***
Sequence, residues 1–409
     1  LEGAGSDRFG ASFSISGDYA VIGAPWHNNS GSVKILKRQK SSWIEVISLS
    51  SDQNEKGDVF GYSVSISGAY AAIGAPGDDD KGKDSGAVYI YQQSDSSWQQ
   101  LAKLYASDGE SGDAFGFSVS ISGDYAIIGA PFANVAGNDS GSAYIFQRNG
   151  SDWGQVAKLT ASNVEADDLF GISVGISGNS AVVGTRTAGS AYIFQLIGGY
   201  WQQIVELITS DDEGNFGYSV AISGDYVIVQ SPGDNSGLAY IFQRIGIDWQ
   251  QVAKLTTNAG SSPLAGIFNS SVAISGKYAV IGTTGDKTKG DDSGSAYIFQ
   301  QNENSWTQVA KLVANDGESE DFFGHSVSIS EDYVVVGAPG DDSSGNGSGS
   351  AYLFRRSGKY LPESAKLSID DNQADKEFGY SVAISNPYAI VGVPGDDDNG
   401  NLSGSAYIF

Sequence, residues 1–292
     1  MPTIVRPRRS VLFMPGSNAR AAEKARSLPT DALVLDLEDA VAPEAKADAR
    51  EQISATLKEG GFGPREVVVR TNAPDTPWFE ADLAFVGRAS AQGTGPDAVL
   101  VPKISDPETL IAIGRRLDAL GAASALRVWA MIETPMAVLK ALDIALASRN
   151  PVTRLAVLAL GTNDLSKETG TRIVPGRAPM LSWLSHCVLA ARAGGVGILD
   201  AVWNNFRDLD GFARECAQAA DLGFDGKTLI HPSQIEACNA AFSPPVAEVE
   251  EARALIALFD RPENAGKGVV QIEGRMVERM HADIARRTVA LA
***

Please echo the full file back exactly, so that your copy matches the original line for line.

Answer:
Sequence, residues 1–409
     1  LEGAGSDRFG ASFSISGDYA VIGAPWHNNS GSVKILKRQK SSWIEVISLS
    51  SDQNEKGDVF GYSVSISGAY AAIGAPGDDD KGKDSGAVYI YQQSDSSWQQ
   101  LAKLYASDGE SGDAFGFSVS ISGDYAIIGA PFANVAGNDS GSAYIFQRNG
   151  SDWGQVAKLT ASNVEADDLF GISVGISGNS AVVGTRTAGS AYIFQLIGGY
   201  WQQIVELITS DDEGNFGYSV AISGDYVIVQ SPGDNSGLAY IFQRIGIDWQ
   251  QVAKLTTNAG SSPLAGIFNS SVAISGKYAV IGTTGDKTKG DDSGSAYIFQ
   301  QNENSWTQVA KLVANDGESE DFFGHSVSIS EDYVVVGAPG DDSSGNGSGS
   351  AYLFRRSGKY LPESAKLSID DNQADKEFGY SVAISNPYAI VGVPGDDDNG
   401  NLSGSAYIF

Sequence, residues 1–292
     1  MPTIVRPRRS VLFMPGSNAR AAEKARSLPT DALVLDLEDA VAPEAKADAR
    51  EQISATLKEG GFGPREVVVR TNAPDTPWFE ADLAFVGRAS AQGTGPDAVL
   101  VPKISDPETL IAIGRRLDAL GAASALRVWA MIETPMAVLK ALDIALASRN
   151  PVTRLAVLAL GTNDLSKETG TRIVPGRAPM LSWLSHCVLA ARAGGVGILD
   201  AVWNNFRDLD GFARECAQAA DLGFDGKTLI HPSQIEACNA AFSPPVAEVE
   251  EARALIALFD RPENAGKGVV QIEGRMVERM HADIARRTVA LA